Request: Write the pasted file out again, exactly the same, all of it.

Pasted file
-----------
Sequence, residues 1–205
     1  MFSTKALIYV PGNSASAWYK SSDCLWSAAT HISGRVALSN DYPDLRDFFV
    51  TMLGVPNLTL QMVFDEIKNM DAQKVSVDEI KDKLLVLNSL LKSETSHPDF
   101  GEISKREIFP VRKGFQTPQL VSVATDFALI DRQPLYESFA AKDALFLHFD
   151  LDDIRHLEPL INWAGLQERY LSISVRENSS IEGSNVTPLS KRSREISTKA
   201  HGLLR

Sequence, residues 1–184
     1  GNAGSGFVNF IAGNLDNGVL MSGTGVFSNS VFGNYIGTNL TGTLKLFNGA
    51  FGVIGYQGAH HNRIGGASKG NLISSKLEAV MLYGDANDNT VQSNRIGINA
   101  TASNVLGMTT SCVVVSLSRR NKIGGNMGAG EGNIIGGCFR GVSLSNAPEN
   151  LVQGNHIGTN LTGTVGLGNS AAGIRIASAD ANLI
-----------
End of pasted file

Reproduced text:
Sequence, residues 1–205
     1  MFSTKALIYV PGNSASAWYK SSDCLWSAAT HISGRVALSN DYPDLRDFFV
    51  TMLGVPNLTL QMVFDEIKNM DAQKVSVDEI KDKLLVLNSL LKSETSHPDF
   101  GEISKREIFP VRKGFQTPQL VSVATDFALI DRQPLYESFA AKDALFLHFD
   151  LDDIRHLEPL INWAGLQERY LSISVRENSS IEGSNVTPLS KRSREISTKA
   201  HGLLR

Sequence, residues 1–184
     1  GNAGSGFVNF IAGNLDNGVL MSGTGVFSNS VFGNYIGTNL TGTLKLFNGA
    51  FGVIGYQGAH HNRIGGASKG NLISSKLEAV MLYGDANDNT VQSNRIGINA
   101  TASNVLGMTT SCVVVSLSRR NKIGGNMGAG EGNIIGGCFR GVSLSNAPEN
   151  LVQGNHIGTN LTGTVGLGNS AAGIRIASAD ANLI